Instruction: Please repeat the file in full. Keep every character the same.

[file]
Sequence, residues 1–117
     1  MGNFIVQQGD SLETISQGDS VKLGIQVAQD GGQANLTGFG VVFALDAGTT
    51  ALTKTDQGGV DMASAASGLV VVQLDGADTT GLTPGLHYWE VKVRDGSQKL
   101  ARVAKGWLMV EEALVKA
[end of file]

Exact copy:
Sequence, residues 1–117
     1  MGNFIVQQGD SLETISQGDS VKLGIQVAQD GGQANLTGFG VVFALDAGTT
    51  ALTKTDQGGV DMASAASGLV VVQLDGADTT GLTPGLHYWE VKVRDGSQKL
   101  ARVAKGWLMV EEALVKA